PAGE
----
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The Museum has range of tabua from Fiji. Tabua are highly significant objects in traditional Fijian society.

The tooth of the sperm whale known as a tabua is perhaps the most valuable of all traditional Fijian objects. The Australian Museum has a number of these highly significant items in its collection, and each one has something to tell us about Fijian culture and history.

Tabua and whale's teeth ornaments can be found in a number of forms, each of which is represented in the collection. There is the tabua itself, a single whale's tooth smoothed and polished into an object of great power and significance, which is gifted or exchanged at special ceremonies. The Museum also has a selection of tabua which are bound together in necklaces known as sisi, which were worn by chiefs and other individuals of high status. There is also the impressive wasekaseka necklaces fashioned from tabua which have been cut and polished into tusk-like ornaments. Wasekaseka became more common after European contact, with the increased trade in whale ivory and availability of iron tools. The collection therefore represents both tradition and change in this renowned Fijian art form.

The tabua, wasekaseka and sisi in the collection demonstrate a range of styles and production techniques. Tabua generally have a polished appearance, varying in colour from pale cream, to yellow, to walnut brown. However there are a number of tabua in the collection that have a rougher, unfinished feel. Tabua also vary greatly in size, with the larger ones being more highly prized. The cord and bindings of the tabua are created using different materials as well, such as coconut fibre, pandanus or bark cloth.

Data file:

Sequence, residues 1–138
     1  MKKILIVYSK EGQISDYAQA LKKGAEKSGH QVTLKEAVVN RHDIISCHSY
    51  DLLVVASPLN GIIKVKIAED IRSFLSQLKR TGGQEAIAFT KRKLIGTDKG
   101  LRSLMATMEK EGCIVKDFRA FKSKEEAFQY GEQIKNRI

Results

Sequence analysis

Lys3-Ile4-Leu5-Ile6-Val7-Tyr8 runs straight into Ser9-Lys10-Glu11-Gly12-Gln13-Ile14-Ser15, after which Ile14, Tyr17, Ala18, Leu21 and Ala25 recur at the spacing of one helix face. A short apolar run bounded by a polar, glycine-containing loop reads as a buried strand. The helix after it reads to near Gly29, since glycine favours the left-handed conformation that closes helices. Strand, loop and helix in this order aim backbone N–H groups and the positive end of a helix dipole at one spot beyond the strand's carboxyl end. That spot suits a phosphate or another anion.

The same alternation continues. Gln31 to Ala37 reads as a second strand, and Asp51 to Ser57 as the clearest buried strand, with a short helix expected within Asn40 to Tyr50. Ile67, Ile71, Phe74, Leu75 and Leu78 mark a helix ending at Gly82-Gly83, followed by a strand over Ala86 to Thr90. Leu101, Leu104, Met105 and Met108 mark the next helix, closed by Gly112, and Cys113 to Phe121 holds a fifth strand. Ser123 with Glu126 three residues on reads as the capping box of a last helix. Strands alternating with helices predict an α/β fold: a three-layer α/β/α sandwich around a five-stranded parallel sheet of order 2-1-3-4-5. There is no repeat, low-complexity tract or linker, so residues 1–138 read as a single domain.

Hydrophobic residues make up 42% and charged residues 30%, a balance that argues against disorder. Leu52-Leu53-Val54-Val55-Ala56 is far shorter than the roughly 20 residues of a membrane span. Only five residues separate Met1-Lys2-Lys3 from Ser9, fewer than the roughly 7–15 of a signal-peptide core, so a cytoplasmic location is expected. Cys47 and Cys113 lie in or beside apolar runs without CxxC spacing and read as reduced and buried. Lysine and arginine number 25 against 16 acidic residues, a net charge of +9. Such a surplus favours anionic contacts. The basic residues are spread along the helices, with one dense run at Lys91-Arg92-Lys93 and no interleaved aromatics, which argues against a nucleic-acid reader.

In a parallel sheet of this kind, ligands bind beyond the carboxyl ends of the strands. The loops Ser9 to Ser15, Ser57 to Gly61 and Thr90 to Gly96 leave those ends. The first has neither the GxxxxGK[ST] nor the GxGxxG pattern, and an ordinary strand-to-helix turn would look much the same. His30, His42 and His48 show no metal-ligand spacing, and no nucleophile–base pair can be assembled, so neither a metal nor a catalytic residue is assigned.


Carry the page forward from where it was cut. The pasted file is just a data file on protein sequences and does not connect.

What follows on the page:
The gifting of tabua was traditionally a great ceremonial event in Fiji. They were given as offerings for war or peace, as tokens to symbolise marriage or as payment of bride price. In some cases tabua were even presented in exchange for the taking of a life. The gifting and exchange of tabua was a serious business and the recipient was bound by tradition to honour the accompanying request. Their power and significance meant that they were traditionally the possessions of chiefs and other renowned individuals – one such tabua in the collection is said to have been gifted by the great chief Cakobau, known to Europeans as the ‘King of Fiji’. Even today, tabua continue to be valued by Fijians, and are still ritually exchanged at a range of events and ceremonies.


Andrew Arno, ‘Cobo and tabua in Fiji’ (American Ethnologist, vol. 32 no. 1, February 2005)
Fergus Clunie, Yalo i Viti (1986)
Rod Ewins, Fijian Artefacts (1982)
Frederick McCarthy, ‘The Whale’s Tooth Tambua of Fiji’ (Australian Museum Magazine, vol. 11 no. 3, 15 Sept 1953)
Asesela Ravuvu, The Fijian Ethos (1987)
Kingsley Roth, ‘A Composite ‘Tambua’ from Fiji’ (Man, vol. 37, August 1937)
Marshall Sahlins, Moana (1962)